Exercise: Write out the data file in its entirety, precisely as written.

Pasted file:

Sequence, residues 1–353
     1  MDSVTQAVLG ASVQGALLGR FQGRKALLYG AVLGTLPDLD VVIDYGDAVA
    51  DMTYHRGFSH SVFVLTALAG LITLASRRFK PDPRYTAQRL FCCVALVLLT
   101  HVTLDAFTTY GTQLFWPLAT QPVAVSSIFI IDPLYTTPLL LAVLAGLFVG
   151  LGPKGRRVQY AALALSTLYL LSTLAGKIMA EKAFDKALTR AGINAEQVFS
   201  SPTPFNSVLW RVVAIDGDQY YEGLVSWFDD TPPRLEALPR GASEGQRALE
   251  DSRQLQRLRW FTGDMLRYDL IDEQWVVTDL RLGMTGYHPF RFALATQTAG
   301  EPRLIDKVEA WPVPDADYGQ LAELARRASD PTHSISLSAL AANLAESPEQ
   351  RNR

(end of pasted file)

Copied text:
Sequence, residues 1–353
     1  MDSVTQAVLG ASVQGALLGR FQGRKALLYG AVLGTLPDLD VVIDYGDAVA
    51  DMTYHRGFSH SVFVLTALAG LITLASRRFK PDPRYTAQRL FCCVALVLLT
   101  HVTLDAFTTY GTQLFWPLAT QPVAVSSIFI IDPLYTTPLL LAVLAGLFVG
   151  LGPKGRRVQY AALALSTLYL LSTLAGKIMA EKAFDKALTR AGINAEQVFS
   201  SPTPFNSVLW RVVAIDGDQY YEGLVSWFDD TPPRLEALPR GASEGQRALE
   251  DSRQLQRLRW FTGDMLRYDL IDEQWVVTDL RLGMTGYHPF RFALATQTAG
   301  EPRLIDKVEA WPVPDADYGQ LAELARRASD PTHSISLSAL AANLAESPEQ
   351  RNR